The reformed Police Service of Northern Ireland will not tolerate sectarianism or racism in any form. That's the message from the PSNI's deputy chief constable Judith Gillespie, who confirmed to he press this week that she has suspended four police officers after an internal inquiry into the racist and sectarian text messages they allegedly sent.
"We have had previous investigations who used racist texts and they were dealt with very seriously but this is the first time I can recall that we've suspended four officers," Gillespie told the Guardian.
The texts were reportedly found during an internal investigation, and the officers involved are said to work in various areas of the PSNI but are not senior officers.
"It is absolutely unacceptable for officers to engage in racist and sectarian language, and far less to exchange that in the form of texts to each other," Gillespie added. "The message is loud and clear, that racist and sectarian behavior on the part of police officers is absolutely not tolerated by the Police Service of Northern Ireland."
Gillespie would not be drawn on the precise wording of the texts but added, "I would be confident that if you had access to any of these texts, you would find them deeply offensive. I have to say I'm very proud to be the deputy chief constable – we have a very proud record of service – but in terms of the context of these four officers' behavior this is not my proudest day."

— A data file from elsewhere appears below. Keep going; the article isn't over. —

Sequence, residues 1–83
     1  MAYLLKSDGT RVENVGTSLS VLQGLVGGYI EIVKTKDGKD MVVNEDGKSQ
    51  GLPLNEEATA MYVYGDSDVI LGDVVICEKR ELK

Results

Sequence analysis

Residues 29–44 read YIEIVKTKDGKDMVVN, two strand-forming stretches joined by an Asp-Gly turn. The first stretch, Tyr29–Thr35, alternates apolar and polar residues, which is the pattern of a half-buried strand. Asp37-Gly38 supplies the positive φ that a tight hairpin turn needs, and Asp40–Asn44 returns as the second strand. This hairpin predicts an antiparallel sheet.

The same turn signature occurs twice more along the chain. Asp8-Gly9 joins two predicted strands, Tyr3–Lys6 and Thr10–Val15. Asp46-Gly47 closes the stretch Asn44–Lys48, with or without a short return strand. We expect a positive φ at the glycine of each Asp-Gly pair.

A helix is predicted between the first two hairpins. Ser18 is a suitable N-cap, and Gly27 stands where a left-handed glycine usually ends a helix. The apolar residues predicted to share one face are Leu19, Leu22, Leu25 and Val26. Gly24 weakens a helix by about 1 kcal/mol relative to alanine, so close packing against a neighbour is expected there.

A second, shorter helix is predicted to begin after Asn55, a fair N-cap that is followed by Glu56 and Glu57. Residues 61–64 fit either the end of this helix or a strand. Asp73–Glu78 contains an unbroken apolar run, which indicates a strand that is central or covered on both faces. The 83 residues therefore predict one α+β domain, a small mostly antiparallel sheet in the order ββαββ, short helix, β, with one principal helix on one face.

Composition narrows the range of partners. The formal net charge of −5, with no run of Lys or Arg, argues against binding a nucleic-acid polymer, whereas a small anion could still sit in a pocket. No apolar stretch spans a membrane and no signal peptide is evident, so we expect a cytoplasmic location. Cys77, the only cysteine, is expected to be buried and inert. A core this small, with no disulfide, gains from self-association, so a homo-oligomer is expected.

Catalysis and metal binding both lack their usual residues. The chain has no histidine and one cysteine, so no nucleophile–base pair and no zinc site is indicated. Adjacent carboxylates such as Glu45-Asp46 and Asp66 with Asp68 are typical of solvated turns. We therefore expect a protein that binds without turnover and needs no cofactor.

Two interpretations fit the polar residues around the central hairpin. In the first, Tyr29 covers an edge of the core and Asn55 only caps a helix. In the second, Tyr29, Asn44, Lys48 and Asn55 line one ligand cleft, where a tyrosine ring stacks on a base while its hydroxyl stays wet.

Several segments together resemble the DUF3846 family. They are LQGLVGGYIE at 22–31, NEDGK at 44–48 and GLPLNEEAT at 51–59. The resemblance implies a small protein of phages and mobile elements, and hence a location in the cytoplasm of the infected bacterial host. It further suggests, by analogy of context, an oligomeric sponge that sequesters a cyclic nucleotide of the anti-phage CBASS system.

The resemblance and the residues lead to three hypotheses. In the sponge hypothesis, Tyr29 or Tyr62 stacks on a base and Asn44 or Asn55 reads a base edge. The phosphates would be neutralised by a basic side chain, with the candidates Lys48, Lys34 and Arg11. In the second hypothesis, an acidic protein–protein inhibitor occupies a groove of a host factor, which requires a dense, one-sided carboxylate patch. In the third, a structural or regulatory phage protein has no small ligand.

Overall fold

The racist and sectarian texts controversy has damaged the police services image, but the force has otherwise risen to the major reforms made to it over the last decade. After the 1998 Good Friday agreement, a new 50-50 recruitment policy was implemented to bring in more Catholic officers. Currently about 30 percent of PSNI staff are now Catholic.
However the Northern Ireland Council on Ethnic Minorities has found that around one in seven people of ethnic-minority origin in the north would feel they would be "treated poorly" if they joined the PSNI because of their race or color.